“We must now rebuild America’s middle class by turning service jobs work into higher-paid, family-supporting work.”

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Which topic does one overhear being discussed with greater fervor, the weather or the quality of “service” recently experienced at a restaurant or retail business?

Some Southern Indiana restaurants struggle to find workers in saturated market, by Danielle Grady (Hanson Goes to Yahweh)

Other employers combat issue with high wages, opportunities

SOUTHERN INDIANA — May was the last time Cheryl Koetter had to fire someone.

The employee was abusing drugs and a liability around Cricket’s Cafe’s meat slicer. It wasn’t the first incident of its kind at the Sellersburg restaurant, but not because of the drugs. Koetter’s employees are often quitting unexpectedly or being fired. She’s also struggling to find workers to hire.

“I’m okay right now, but I’ve been short-staffed for years,” she said grimly.

Koetter primarily blames the issue on the local workforce being unwilling to, well, work. But as the unemployment rate in Clark and Floyd counties decreases and more and more restaurants open, many, but not all, service industry employers are dealing with a smaller pool of hires.

I posted a link to the preceding on the Facebook page of the New Albany Restaurant and Bar Association, and these two comments stood out.

“They don’t want to work?”. Maybe they’re tired of their morale being mitigated by low pay and a customer always right attitude that ensures employee dissatisfaction.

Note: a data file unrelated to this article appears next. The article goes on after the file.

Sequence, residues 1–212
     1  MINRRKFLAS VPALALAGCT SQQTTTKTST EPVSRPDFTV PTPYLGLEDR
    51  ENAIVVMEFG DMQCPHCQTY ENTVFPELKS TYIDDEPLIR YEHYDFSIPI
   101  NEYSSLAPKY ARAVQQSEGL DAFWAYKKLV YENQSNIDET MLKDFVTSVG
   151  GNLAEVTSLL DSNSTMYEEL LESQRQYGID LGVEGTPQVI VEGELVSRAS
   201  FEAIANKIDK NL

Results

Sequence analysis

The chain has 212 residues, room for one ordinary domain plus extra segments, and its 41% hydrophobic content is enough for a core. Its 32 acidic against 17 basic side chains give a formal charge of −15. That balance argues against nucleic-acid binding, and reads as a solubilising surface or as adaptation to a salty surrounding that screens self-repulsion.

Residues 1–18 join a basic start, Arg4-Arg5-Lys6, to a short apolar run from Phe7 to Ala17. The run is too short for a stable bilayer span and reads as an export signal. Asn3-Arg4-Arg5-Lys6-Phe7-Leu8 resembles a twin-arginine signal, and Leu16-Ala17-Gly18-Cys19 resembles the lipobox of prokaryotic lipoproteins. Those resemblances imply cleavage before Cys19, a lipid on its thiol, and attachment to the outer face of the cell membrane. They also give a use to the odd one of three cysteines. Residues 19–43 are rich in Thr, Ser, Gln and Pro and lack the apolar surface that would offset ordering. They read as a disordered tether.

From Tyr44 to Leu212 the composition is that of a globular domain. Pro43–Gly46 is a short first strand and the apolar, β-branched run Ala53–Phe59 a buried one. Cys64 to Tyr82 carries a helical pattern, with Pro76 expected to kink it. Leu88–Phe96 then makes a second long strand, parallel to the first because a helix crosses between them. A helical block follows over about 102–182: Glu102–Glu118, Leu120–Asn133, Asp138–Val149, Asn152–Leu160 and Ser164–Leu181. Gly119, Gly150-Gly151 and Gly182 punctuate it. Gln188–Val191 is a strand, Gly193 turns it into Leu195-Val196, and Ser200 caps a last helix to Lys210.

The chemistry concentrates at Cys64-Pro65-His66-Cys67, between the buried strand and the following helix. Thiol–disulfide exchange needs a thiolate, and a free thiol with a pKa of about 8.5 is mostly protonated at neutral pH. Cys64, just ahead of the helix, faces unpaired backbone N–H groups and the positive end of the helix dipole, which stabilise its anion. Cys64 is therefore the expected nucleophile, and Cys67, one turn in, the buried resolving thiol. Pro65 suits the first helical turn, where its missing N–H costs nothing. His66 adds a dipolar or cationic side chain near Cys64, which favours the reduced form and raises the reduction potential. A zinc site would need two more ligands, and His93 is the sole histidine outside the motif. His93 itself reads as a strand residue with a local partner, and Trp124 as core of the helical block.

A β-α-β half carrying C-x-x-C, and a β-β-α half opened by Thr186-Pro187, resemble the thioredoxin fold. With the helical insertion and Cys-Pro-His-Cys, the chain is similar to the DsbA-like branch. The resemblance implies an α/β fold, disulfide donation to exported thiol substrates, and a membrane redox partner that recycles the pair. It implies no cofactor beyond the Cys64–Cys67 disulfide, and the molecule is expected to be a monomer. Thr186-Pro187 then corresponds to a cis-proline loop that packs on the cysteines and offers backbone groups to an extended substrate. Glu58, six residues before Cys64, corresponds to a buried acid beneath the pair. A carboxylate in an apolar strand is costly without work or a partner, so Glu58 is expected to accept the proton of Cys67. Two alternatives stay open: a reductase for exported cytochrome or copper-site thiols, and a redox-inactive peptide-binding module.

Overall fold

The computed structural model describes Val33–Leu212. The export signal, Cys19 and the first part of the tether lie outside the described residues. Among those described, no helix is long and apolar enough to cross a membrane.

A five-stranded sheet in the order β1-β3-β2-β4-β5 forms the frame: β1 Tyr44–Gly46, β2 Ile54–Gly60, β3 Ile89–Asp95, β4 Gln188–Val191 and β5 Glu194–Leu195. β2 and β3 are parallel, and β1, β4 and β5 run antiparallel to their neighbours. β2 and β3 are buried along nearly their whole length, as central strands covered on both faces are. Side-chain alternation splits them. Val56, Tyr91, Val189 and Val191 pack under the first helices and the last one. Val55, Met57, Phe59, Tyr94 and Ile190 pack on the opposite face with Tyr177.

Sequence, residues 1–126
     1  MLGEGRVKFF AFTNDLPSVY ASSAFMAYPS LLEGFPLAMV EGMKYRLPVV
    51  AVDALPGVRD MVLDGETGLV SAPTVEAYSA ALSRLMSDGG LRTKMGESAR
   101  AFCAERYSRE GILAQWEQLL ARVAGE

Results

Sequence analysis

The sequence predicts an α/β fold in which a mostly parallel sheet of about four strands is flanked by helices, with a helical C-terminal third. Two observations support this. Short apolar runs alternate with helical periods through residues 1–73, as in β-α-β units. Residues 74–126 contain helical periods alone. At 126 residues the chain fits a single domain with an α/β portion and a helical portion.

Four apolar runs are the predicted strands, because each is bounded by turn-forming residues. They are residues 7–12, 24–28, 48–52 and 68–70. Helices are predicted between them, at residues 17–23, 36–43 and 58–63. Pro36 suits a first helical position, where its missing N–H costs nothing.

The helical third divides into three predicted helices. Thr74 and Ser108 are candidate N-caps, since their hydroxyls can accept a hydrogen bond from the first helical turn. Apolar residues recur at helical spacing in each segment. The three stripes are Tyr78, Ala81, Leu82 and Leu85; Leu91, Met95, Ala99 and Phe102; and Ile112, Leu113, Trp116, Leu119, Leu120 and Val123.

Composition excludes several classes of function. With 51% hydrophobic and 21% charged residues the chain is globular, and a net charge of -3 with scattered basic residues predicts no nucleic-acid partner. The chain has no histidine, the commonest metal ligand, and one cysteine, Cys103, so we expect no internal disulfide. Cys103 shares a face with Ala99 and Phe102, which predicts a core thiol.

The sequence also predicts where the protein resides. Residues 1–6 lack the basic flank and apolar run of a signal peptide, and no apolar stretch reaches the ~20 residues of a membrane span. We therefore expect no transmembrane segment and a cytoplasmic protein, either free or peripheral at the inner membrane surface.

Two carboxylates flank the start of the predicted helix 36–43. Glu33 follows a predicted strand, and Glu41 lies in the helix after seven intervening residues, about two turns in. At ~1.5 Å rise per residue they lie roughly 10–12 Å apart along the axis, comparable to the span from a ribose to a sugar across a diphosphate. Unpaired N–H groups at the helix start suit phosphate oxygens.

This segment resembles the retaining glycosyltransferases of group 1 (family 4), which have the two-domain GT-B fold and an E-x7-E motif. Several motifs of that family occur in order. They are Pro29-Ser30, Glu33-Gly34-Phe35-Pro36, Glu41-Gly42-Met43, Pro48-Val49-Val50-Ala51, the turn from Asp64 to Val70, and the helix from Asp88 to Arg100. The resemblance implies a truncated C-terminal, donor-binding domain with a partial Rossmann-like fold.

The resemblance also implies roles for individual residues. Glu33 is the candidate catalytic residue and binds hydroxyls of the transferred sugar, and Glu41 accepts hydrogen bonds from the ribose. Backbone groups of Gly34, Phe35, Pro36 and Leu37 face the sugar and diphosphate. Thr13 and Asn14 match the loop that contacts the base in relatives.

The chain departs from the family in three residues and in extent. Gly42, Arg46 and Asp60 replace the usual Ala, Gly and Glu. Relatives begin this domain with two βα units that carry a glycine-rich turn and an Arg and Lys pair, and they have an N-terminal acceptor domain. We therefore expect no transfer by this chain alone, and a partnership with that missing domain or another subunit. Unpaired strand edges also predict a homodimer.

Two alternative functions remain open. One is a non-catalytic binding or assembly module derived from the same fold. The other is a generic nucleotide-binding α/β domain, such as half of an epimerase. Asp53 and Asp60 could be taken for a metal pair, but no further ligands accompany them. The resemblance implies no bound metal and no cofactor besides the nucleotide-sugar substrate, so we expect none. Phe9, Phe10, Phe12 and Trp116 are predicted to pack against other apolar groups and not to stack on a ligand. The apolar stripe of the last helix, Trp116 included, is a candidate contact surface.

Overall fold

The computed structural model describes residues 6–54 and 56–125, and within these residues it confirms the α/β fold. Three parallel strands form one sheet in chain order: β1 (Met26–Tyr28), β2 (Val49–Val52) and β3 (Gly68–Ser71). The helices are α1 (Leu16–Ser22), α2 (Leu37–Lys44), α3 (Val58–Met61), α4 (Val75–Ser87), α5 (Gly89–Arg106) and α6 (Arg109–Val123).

The answer to her problem is to pay more. Talent goes where the money is.

Did you know that “service workers” overall make up 45% of the nation’s workforce?

Here’s a view of what must happen next. Spoiler alert: it has to do with money.

The Service Class Deserves Better, by Richard Florida (CityLab)

Our nation’s future depends on our ability to provide the largest segment of our labor force with stable, family-supporting work.

More than 65 million Americans toil in precarious, low-wage service class jobs, preparing and serving us our food, assisting us in stores, supporting our office and professional work, and taking care of our kids and aging parents. The service class is the largest class of Americans by far, making up about 45% of the entire workforce. In terms of the jobs they do and the economic functions they serve, in many ways, its members represent the 21st century analog of the old blue-collar working class. And just like we upgraded those once dirty, dangerous, and low-paid manufacturing jobs during the postwar years, we must now rebuild America’s middle class by turning service jobs work into higher-paid, family-supporting work.

A new report released today by me and my Martin Prosperity Institute colleagues, Karen King and Charlotta Mellander, entitled Building 65 Million Good Jobs, outlines the size and scope of America’s service class, and describes how we can begin to upgrade their jobs.

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